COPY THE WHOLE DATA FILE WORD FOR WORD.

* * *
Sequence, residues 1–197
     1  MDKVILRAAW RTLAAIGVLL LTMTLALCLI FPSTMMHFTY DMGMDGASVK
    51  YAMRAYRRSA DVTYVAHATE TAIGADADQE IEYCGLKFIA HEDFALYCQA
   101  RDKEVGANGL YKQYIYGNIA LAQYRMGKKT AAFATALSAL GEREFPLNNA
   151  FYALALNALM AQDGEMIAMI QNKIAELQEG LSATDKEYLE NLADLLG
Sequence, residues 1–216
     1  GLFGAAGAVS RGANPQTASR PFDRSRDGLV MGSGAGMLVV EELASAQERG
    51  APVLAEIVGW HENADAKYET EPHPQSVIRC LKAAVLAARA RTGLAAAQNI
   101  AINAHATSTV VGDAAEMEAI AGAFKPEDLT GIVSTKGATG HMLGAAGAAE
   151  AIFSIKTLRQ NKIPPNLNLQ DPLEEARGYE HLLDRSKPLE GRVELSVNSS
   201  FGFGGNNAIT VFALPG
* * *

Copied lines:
Sequence, residues 1–197
     1  MDKVILRAAW RTLAAIGVLL LTMTLALCLI FPSTMMHFTY DMGMDGASVK
    51  YAMRAYRRSA DVTYVAHATE TAIGADADQE IEYCGLKFIA HEDFALYCQA
   101  RDKEVGANGL YKQYIYGNIA LAQYRMGKKT AAFATALSAL GEREFPLNNA
   151  FYALALNALM AQDGEMIAMI QNKIAELQEG LSATDKEYLE NLADLLG
Sequence, residues 1–216
     1  GLFGAAGAVS RGANPQTASR PFDRSRDGLV MGSGAGMLVV EELASAQERG
    51  APVLAEIVGW HENADAKYET EPHPQSVIRC LKAAVLAARA RTGLAAAQNI
   101  AINAHATSTV VGDAAEMEAI AGAFKPEDLT GIVSTKGATG HMLGAAGAAE
   151  AIFSIKTLRQ NKIPPNLNLQ DPLEEARGYE HLLDRSKPLE GRVELSVNSS
   201  FGFGGNNAIT VFALPG